1. Erika,
      As I commented on the slices over the weekend, I really thought about the amount of time I was writing and reading . . . A LOT! (And my slicing was not “in addition to” core writing – LOL) 🙂

  4. I have felt like writing has been a bit “uphill” this year myself. Your suggestion to move your designated writing time around is an interesting one! Although, with three little ones at home, I am not sure there is a better time than 5:30 a.m. for me- at least for now! Thanks for the thought-provoking post, Fran!

    1. I like your descriptor “uphill’ as I was just thinking that I had lost a bit of JOY! LOL! Always ideas! 🙂

  5. You are so right, Fran. What good is collecting data if it is not used for better outcomes. When one thing starts cutting into time we usually spend on another project it it time to reevaluate and make changes. This advice applies to all aspects of our lives.

    1. YEP! Writing, reading, life . . . housecleaning, NOT so much! LOL

  6. This is quite interesting! I have never kept any kind of data on my writing life, though I do sometimes keep data on my reading life. Now you’ve got me thinking about what I might track and collect and how I might use that to improve my writing productivity. I also notice that my morning writing time can be completely consumed just reading and commenting on slices so I may need to adjust my schedule too.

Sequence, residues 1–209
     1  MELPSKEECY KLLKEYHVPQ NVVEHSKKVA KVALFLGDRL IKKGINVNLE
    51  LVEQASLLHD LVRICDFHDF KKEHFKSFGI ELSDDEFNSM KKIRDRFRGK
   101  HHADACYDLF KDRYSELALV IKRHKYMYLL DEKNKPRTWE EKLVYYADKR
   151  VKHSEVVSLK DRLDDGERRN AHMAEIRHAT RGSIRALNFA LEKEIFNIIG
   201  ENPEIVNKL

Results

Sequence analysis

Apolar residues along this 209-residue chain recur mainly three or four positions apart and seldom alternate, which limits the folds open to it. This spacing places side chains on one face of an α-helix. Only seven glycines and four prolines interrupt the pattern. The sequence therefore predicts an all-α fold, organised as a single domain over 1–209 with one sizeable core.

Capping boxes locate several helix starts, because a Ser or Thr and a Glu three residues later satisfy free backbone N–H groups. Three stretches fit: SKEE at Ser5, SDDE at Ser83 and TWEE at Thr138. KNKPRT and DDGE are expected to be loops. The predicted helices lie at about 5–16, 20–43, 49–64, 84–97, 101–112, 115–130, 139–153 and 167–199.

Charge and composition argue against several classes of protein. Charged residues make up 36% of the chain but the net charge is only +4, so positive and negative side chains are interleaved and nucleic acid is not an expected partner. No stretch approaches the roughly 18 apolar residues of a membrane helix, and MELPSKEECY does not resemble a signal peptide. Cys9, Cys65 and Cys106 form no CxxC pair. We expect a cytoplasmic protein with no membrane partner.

1. I like my Goodreads data for now . . . even though I often miss a text! AND YES, my morning time was spent, writing, reading and commenting, but I was losing those minutes to any real work!

  7. Dear Miss Fran, We read your blog today and talked about your data. We are impressed that you get up so early just to write. Now you are writing at night, too. We also noticed your Blog Stats and all the places your visitors are from. We write at school during lots of different times. We are going to think about keeping track of the times that we write. Thanks for giving us the idea! We miss you. Come see us soon. Love, Your Favorite Second Graders

    1. Dear Favorite Second Graders,

      Thanks for reading my blog and checking out the data. It’s so interesting that NY and CA are the leading “visitor” states.

      I believe writing is important so I write more than once each day and that sounds like what you do as well.

      Sometimes I like to keep track of where AND when I write! I like to be comfortable when I write so that means that I need to have a glass of water nearby. I also need to have my computer plugged in so the battery won’t run out at an important time!

      I miss you as well and hope you are paying attention to your favorite Scooty stories as well. I bet you know a lot of them NOW!

      Love,
      Miss Fran